The Theory of Bevrything wants to get back to light-hearted content, witty humor and snarky jokes, but recent events force our hands to type more somber content. New readers, please don’t lose hope, although we interrupt our usually scheduled articles with talk of politics, death and policy, we will be back to focusing on food, flatulence and travel.
Media and lawmakers can quibble over the definition of mass shootings, but the real problem in the US is that we have mass shooters. The US has a lot of people with guns and those people are using their guns and there is no denying that fact.
Even though 1 in 22,000 Americans shot someone in 2014, even though mass shootings happen almost every day, even though I saw a cop draw his gun on an unarmed parent at my child’s school, and even though a mentally ill woman pulled a gun and tried to shoot teachers at a different school my child attended (her gun jammed), even though I was in NYC for 9/11 and remember the smell of burning skin, hair and plastic that was in the air for weeks and months, even though I grew up in a house with guns, and all of my extended family members have one, even with all of that, I still believe in gun regulation. Mainly because I don’t live a fear-based life.
Why are people so strongly opposed to gun regulation? Because they believe they will need to shoot someone one day. And this is actually the main problem. Graphic images have turned on their flight or fight reflex and they can’t turn it off.
Fear and stress force the human mind to work harder and think less logically. The brain is fascinating because oddly enough, people who have lived through a gun incident or life-threatening incident sometimes are less afraid of it happening again than people who just view it on TV. Because if you have lived through something like this, you know that you can. Maybe when you are close to a horrible event you experience the compassion of survivors in the aftermath, not just the constantly repeating video footage of the horror.
Illogical logic is what creates such divisiveness on the gun regulation issue. People believe that if they have a gun, they will be able to shoot a shooter like on TV shows. And they think that gun regulation might prevent them from having a gun, but somehow every sociopath out there will still get one. This logic makes no sense to me because the government regulates cars and driver’s licenses but everyone is still able to drive. And another statistical reality is that more likely to be shot with their own gun that someone else gains access to, or be shot while going for their gun instead of trying to escape a bad situation.
If someone has a gun and you pull your gun, you better not miss. Even if you take a gun safety course, even if you are on a shooting range once or twice a month, would you bet your life on your shooting accuracy? If you are able to walk, your walking or running ability is way more developed than your shooting ability, as it is used every day. Even if I owned a gun (which I don’t), I don’t trust that I would survive a shootout with another person. But more importantly, I don’t believe that I will actually be in a shootout situation with another person.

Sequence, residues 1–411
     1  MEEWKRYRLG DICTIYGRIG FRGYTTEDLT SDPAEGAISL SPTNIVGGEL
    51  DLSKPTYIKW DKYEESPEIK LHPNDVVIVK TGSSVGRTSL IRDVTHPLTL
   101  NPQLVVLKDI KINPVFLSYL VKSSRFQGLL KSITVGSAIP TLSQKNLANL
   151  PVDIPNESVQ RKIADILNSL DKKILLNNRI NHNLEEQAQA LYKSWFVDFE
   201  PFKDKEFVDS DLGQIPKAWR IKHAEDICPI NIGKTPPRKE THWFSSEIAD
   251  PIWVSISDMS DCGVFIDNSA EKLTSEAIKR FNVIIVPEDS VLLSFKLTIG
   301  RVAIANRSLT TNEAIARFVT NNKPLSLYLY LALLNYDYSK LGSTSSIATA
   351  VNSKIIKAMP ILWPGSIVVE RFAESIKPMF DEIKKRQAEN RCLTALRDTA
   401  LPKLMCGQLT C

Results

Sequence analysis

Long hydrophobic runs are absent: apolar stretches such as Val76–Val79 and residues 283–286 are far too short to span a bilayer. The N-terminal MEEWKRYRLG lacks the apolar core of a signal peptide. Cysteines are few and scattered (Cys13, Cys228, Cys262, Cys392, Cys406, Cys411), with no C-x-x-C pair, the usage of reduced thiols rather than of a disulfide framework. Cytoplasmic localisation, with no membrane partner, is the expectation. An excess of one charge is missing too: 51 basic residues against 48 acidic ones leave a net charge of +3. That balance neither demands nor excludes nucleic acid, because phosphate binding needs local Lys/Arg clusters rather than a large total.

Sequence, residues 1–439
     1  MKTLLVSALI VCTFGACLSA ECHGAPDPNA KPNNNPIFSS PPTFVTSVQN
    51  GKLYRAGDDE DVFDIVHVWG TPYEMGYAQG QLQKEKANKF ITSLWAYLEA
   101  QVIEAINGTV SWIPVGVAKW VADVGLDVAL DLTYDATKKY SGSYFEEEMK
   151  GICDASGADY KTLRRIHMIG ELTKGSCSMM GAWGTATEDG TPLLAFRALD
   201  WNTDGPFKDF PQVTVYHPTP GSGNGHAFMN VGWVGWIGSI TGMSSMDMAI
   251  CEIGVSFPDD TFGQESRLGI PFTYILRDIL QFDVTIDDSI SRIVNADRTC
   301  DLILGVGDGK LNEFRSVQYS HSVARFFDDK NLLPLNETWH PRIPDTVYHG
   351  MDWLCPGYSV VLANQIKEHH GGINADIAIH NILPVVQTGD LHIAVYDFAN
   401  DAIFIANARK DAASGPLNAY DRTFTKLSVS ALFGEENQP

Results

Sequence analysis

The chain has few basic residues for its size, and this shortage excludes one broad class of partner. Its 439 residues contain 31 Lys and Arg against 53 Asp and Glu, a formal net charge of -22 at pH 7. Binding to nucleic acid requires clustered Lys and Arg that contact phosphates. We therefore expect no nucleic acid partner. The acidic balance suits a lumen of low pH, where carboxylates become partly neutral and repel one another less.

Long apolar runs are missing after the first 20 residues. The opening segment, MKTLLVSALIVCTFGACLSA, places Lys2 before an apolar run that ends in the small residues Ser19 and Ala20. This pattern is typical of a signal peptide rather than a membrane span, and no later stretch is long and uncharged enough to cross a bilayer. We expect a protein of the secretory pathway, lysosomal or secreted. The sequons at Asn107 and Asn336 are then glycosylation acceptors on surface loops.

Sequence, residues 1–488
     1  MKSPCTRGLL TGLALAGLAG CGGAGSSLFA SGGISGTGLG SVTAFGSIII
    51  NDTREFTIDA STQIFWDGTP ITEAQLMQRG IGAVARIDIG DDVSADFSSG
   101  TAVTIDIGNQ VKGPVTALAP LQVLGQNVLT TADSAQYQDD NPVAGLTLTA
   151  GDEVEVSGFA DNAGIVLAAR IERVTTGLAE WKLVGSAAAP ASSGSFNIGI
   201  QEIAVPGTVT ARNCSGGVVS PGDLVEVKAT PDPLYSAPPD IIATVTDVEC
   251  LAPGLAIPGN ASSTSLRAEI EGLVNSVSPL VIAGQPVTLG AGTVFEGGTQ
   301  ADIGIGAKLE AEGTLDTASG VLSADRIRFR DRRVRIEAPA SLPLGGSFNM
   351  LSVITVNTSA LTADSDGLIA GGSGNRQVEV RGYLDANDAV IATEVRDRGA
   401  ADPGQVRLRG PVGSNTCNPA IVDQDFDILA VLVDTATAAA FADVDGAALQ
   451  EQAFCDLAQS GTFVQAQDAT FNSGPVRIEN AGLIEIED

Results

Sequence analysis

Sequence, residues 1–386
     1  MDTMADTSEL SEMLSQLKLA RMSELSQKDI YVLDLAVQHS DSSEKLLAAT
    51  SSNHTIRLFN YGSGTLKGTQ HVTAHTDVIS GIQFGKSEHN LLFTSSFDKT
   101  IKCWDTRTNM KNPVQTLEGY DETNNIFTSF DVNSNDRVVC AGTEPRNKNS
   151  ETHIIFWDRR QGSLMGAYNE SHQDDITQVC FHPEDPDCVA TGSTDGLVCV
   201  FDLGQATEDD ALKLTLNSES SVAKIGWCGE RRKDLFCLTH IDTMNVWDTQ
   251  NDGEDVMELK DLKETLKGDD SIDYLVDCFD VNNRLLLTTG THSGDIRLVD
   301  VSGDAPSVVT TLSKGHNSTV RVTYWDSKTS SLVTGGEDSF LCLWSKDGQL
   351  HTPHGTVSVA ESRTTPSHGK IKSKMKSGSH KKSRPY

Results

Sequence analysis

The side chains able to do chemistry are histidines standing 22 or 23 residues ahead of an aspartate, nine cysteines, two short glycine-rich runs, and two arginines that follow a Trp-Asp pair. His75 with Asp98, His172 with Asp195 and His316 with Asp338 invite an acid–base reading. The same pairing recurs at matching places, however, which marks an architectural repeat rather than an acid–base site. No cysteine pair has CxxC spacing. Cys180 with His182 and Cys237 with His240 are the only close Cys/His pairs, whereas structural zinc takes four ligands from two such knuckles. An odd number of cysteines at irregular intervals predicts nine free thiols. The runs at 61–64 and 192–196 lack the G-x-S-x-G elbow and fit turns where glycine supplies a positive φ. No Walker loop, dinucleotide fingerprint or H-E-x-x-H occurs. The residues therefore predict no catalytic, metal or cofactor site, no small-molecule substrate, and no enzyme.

And even if you do think you will be in a shootout, is a gun really the only form of protection or preventative measures? Or a self defense class? How about an alarm system on your house? Or a taser? A Smith & Wesson tactical pen for close encounters? Or a gun with rubber bullets? You don’t have to actually kill an assailant, just detain them until cops arrive. And if if you want to protect yourself from a shooting, wouldn’t bullet-proof glass and kevlar vests make more sense than your own gun?
The people I know who are pro-gun agree that they don’t want to kill someone. They don’t someone to bleed out on their grandmother’s oriental rug. Most people who are against gun regulation haven’t thought about the PTSD that comes with brutally taking another person’s life. They haven’t thought about the years of therapy or the nightmares that come with looking into the still eyes of murdered human.
It is being covered by other writers, but fear marketing is being used by people who are selling guns and gun policy. The NRA benefits from every American trembling with fear. Fear is the main component of their marketing strategy. They want America to believe that guns are the only way to protect yourself. This map shows how much NRA pays politicians to ensure that more Americans have guns than not:
The NRA was created specifically for soldiers in 1871 by Col. William C. Church and Gen. George Wingate. It was not created to make sure every mom in carpool line has a gun in her glovebox. It was not created so that private citizens can take down a shooter in a Starbucks, or senior citizens can go grocery shopping with a conceal and carry permit.
In 1990 the NRA became tax-exempt. Not paying taxes gave them access to more funds, thus promoting a successful pro-gun political agenda over the last 25 years. Their own words describe the NRA as a “major political force” on their website:
And they are accurate about being a major political force:
The money the NRA doesn’t pay in taxes is given back to the Senators that ensure that NRA agenda stays law. The cycle of greed is a deadly cycle that is hard to break. Although the majority of Americans want gun regulation, the majority of Americans don’t have an $30 Million slush fund to pay off elected officials like the NRA does.
US Senators are literally getting paid to ignore the gun deaths in the US, and turn a blind eye to statistics. So for the meantime, Americans will continue to be killed by US citizens and technically terrorists, since they have access to our guns. (Even terrorists who are on the no fly list are legally able to purchase firearms.)
This article was inspired by a Dec. 3 2015 New York Times Article by Liam Stack: